Tuesday, November 17, 2009

20 Days in November - Day 12: The Flatlanders

Long before the success of the contemporary wave of Texas alt-country acts - many that we have seen the last couple weeks - a troika of talented Texas troubadours toiled for decades - at times under the radar - to finally attain great success in their later years. I am referring, of course, to The Flatlanders: Jimmie Dale Gilmore, Joe Ely, and Butch Hancock. Since the early 1970's these artists have been performing together - singing each others song's or those by the legends of roots music. See Live '72 for samples of their early work together. Eventually they migrated into separate directions - all the while maintaining a kinship - exposed in their solo recordings. Both Gilmore and Hancock provided some of the best material for Joe Ely - specifically "If I Were A Bluebird", "Dallas", "Tonight I Think I'm Gonna Go Downtown", "Standin' At The Big Hotel", "Fools Fall In Love", "She Never Spoke Spanish to Me"..... The list is long. In 1992, the trio regrouped to re-release More a Legend Than a Band - originally recorded in Nashville in 1971 - which included both "Dallas" and "Tonight I Think I'm Gonna Go Downtown". But it wasn't until Now Again that the Flatlanders started generating more and more buzz that continued two years later with the release of Wheels of Fortune. This CD easily supplanted The Best of Joe Ely as my favorite CD from any of these artists. And this year they took time off from successful solo careers to release Hills & Valleys.

I'm not sure when I first heard Joe Ely - but he's been at the top of my favorite artist list for quite a while. Eventually I was introduced to the music of Gilmore at an ACL festival and loved his laid-back style and unique vocals. His performance of "Saginaw, Michigan" earned him several new fans that day. As for Hancock, I've heard him participate in several Ely songs and knew about his success as a songwriter - but never saw him live until the Flatlanders started touring seriously a few years ago. What I like most of his songs, and this also extends to the other two, is that not only do they tell a meaningful story - they also trumpet the dignity of the individual person. Their current CD is filled with samples: “After The Storm”, “Homeland Refugee”, “Love’s Own Chains”....

Tonight was the second time I got to see The Flatlanders at The Birchmere. The first show, they came out for a six song-singer-songwriter routine - where they alternated playing their own material. Then they brought the full band onstage for a raucous evening. Tonight they ditched the songwriter routine and went directly with a full band. What I like best about this approach (the full band) is how easily each artist contributes vocals to a particular song. Sometimes one artist will sing lead and the others contribute harmonies. They started this way with Hancock singing "Hopes Up High" and "Julia", Gilmore "Wildest Dreams" and "Going Away", and Ely a soulful "Neon of Nashville". But they shine when all three alternate singing a verse. This style started with "Homeland Refugee", their timely tale of Californians returning to the dust bowl and "Borderless Love" - which describes their not-surprising view of border fences.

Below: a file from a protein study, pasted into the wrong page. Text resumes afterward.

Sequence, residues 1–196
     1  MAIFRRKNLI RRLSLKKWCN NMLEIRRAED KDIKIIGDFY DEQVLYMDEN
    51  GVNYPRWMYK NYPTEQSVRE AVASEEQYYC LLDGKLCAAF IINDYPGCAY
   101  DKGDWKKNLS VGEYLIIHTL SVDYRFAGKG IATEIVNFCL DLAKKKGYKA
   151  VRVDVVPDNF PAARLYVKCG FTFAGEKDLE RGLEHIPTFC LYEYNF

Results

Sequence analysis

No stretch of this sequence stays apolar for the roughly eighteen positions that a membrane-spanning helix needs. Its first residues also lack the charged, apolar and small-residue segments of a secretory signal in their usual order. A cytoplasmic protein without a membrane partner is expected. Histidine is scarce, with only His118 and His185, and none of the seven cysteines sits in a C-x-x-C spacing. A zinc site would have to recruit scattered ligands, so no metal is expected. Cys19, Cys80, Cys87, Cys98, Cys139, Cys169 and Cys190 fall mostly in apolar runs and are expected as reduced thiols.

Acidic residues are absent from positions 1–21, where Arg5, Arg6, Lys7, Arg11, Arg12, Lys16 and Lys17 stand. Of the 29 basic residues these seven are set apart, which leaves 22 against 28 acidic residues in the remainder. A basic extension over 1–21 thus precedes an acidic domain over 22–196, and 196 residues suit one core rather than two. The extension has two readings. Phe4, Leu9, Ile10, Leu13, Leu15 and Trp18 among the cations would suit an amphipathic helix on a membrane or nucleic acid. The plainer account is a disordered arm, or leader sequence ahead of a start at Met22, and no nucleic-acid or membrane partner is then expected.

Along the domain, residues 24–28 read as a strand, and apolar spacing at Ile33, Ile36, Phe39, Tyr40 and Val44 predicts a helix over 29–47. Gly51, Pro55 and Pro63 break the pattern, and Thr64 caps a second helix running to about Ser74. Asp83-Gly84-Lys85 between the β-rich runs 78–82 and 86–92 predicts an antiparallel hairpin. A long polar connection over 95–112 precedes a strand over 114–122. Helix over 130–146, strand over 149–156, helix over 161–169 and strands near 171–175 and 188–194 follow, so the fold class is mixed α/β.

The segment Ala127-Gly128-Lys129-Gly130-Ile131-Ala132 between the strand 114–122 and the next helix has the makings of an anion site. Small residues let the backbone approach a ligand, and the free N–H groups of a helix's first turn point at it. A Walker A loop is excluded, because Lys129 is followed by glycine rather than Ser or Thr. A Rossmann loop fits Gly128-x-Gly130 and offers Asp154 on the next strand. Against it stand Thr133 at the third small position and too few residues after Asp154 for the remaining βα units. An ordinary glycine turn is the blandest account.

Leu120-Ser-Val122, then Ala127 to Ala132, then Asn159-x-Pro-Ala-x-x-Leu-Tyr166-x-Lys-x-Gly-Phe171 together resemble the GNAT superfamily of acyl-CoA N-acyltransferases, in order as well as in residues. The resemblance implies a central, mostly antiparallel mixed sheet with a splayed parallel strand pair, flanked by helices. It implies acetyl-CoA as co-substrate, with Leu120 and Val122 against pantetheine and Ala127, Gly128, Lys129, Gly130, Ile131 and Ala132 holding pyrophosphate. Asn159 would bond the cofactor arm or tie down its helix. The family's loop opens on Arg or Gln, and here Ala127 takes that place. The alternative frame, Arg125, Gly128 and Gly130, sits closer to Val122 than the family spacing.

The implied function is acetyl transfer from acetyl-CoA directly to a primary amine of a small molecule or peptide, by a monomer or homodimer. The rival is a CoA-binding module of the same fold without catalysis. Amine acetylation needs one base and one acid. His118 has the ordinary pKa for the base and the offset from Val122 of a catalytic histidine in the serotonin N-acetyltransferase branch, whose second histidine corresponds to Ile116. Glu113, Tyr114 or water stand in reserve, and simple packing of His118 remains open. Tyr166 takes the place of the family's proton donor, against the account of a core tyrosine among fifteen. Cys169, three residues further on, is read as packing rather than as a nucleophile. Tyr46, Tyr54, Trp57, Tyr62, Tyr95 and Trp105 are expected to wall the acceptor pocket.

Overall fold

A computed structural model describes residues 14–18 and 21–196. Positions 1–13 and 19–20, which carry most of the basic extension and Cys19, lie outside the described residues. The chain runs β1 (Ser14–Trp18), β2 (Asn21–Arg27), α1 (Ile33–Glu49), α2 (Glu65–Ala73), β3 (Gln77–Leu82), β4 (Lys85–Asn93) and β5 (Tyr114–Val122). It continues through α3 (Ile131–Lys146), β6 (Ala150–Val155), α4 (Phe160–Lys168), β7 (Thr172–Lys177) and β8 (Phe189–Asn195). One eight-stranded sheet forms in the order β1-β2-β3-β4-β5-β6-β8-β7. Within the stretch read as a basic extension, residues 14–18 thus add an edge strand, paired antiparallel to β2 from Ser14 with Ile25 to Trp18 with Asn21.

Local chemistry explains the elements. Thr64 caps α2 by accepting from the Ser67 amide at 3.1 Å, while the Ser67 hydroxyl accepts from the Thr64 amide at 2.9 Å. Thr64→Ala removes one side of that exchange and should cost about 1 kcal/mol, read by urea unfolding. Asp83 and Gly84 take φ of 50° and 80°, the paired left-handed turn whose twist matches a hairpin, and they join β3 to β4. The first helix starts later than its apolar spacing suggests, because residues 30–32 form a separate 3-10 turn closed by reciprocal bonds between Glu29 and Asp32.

The trend continued for most of the night - interrupted on occasion with Gilmore singing "Wishin' For You" and his son Colin's contribution to Hills & Valleys: "The Way We Are". One of the last songs was a rockn' rendition of "Dallas" - where each artist could preform that song in their sleep - it was effortless. For the final song - they brought opening act Ryan Bingham onstage as well as a surprise guest, local legend Bill Kirchen. They jumped immediately into Townes van Zandt's "White-Freight Liner". This wasn't a surprise since Bingham appeared in Ely's Live Cactus! for this song. Once again each artist sand a verse, with Ely motioning Bingham several times to take lead. Typical Ely unassuming style. Simultaneously, Kirchen and his Telecaster dueled Flatlander guitarist Robbie Gjersoe throughout - a friendly competition that continued into the encore. I thought I could hear shades of "Hot Rod Lincoln". (I am really looking forward to the Bill Kirchen Holiday Show at Jammin' Java on Friday, December 18.) It was a rousing finale. They switched gears during the encore starting with Hancock's "If I Were A Bluebird". Once again, each Flatlander took a verse - that was a special performance. I was hoping to hear Terry Allen's "Gimme a Ride to Heaven" - which they performed at the previous show - but that would have just been extra gravy. Tonight's show is evident that The Flatlanders are still an integral part of the Texas music scene. Fortunately they travel far and wide to spread the word; sometimes even by train.

As stated previously, Ryan Bingham has been touring with the band as the opening act. Rumor has it he met Joe Ely at a July 4th festival and spent the remainder of that evening shooting off fireworks. A friendship was born. I only caught his last three songs but from what I saw, this one time bull rider has musical talent. On the first song - he just cranked away on the acoustic guitar - playing a bit of slide. He followed with "Weary Kind" and finished with Dylan's "The Times They Are A-Changin'" - with his gruff voice sounding extremely similar to the original. This is one artist on the rise and I love that he releases his music on vinyl. Way to go. Its time to dig out the record player.

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